The preserve is also home to some sambar and barking deer. It takes only about 30mins to walk the small reserve, but it’s also the only place where you can see the takin (unless you are prepared to hike up the mountains and pray to catch sight of one). Coming face to face with the takin was a surreal experience especially when you hear of its mythical origin, so I would recommend dropping by the reserve for a visit.
Me: Oh, so this little mouse-like creature is called a Sandshrew?
My pal Kai: Err, it is actually called an Elephant Shrew. Sandshrew only exists in Pokemon Go.
Me: Oopsie! :p
“Confessions of a Pokemon Go-holic” at Mamagua, Mashatu Game Reserve in Botswana
The elephant shrew (also called sengis) are represented by a single family, the Macroscelididae, with all 19 living species found exclusively in Africa. The cute little mammal gets its name from the long, pointed head and very long and mobile trunk-like snout. While they look like mice, the elephant shrew is more closely related to a group of African great mammals that includes elephants, sea cows, and aardvarks.
Smaller elephant shrew species like this one are found in the uplands of Southern, Eastern, and Northwestern Africa in dry forests, scrub, savannas, and open country covered by sparse shrubs of grass, while the larger four species of giant elephant shrew prefer to live in forests, closed-canopy woodlands and thickets usually in a nest made of leaf litter. The elephant shrew eats invertebrates like ants, termites, beetles, spiders, millipedes, and worms.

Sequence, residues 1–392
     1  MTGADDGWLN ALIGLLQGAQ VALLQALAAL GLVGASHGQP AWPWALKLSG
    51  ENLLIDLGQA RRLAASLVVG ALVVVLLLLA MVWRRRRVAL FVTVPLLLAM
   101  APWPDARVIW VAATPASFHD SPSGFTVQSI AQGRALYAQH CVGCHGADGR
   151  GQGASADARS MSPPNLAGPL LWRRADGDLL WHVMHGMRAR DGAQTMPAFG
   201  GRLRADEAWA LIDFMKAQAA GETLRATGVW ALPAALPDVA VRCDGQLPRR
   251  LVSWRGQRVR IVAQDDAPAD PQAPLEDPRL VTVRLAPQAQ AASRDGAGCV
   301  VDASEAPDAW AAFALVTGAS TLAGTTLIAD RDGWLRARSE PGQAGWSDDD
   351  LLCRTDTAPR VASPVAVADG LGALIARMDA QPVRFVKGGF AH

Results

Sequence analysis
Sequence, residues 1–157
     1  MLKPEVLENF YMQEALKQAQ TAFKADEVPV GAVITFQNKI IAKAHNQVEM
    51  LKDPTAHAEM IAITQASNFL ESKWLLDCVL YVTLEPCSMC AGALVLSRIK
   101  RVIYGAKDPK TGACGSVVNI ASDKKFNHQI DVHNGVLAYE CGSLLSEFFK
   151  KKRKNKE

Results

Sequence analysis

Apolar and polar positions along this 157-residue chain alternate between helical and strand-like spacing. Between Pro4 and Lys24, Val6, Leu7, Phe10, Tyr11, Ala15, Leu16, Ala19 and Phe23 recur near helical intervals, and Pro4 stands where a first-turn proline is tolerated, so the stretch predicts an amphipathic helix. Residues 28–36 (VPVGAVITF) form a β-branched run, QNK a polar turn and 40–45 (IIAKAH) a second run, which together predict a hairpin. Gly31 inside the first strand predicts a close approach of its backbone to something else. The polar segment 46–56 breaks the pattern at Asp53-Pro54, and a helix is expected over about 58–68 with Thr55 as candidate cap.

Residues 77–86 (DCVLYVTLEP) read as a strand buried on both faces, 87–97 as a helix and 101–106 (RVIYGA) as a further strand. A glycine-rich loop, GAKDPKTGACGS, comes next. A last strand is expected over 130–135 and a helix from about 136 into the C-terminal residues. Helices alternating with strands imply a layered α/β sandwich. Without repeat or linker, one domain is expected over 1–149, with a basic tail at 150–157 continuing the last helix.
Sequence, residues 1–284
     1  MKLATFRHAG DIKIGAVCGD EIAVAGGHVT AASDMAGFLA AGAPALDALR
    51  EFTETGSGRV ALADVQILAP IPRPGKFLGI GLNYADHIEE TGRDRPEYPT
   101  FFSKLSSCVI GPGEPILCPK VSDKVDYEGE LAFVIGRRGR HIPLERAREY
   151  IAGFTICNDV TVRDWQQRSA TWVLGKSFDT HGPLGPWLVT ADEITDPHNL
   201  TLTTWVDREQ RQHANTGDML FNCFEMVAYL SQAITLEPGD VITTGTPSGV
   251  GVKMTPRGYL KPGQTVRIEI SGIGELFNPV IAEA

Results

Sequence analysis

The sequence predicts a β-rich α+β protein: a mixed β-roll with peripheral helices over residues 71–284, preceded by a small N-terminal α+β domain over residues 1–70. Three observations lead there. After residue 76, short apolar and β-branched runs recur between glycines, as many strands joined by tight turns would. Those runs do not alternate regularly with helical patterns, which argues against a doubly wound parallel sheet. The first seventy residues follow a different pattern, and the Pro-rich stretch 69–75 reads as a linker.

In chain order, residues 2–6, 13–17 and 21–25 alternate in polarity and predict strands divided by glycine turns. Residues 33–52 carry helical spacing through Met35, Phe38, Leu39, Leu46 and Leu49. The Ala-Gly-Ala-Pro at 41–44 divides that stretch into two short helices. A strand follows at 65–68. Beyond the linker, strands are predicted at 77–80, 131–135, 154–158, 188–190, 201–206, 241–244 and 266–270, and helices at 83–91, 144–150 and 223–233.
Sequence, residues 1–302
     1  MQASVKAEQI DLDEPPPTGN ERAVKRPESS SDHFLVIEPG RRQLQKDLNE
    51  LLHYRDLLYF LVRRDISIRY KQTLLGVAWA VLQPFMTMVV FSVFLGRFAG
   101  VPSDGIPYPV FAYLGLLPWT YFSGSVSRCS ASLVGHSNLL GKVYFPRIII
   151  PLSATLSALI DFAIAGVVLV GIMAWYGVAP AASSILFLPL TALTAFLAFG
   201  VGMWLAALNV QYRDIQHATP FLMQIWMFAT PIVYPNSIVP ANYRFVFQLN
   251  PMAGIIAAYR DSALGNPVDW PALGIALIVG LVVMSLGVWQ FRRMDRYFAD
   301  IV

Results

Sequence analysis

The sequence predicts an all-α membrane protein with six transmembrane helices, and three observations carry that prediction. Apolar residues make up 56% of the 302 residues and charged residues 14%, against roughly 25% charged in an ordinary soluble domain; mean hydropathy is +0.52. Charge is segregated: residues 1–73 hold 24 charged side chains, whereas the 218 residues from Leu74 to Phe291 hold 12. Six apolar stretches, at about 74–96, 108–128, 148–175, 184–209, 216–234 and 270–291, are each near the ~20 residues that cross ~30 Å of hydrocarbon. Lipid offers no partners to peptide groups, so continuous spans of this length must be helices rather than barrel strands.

Elephant shrews are monogamous (yay! proud of you) and mate for life. They give birth 4 to 5 times a year. Highly territorial, they stake an area spanning a few acres. When other shrews enroach its territory, the elephant shrew behaves true to its name – they will waste no time in screaming, kicking and sparring – like a human shrew – to drive the trepasser away.
The couple do not hang out together all the time though – they go about on their own looking for food, using sent-marking to let its mate know it is still around and not gallavanting elsewhere. This musky smell also serves as a deterrent against predators such as birds of prey and snakes, as well as help to point our food sources.
The elephant shrew has been listed as a vulnerable species by the International Union for Conservation of Nature, with the loss of its habitat to urbanization being the biggest threat to their survival. Help conserve the elephant shrew.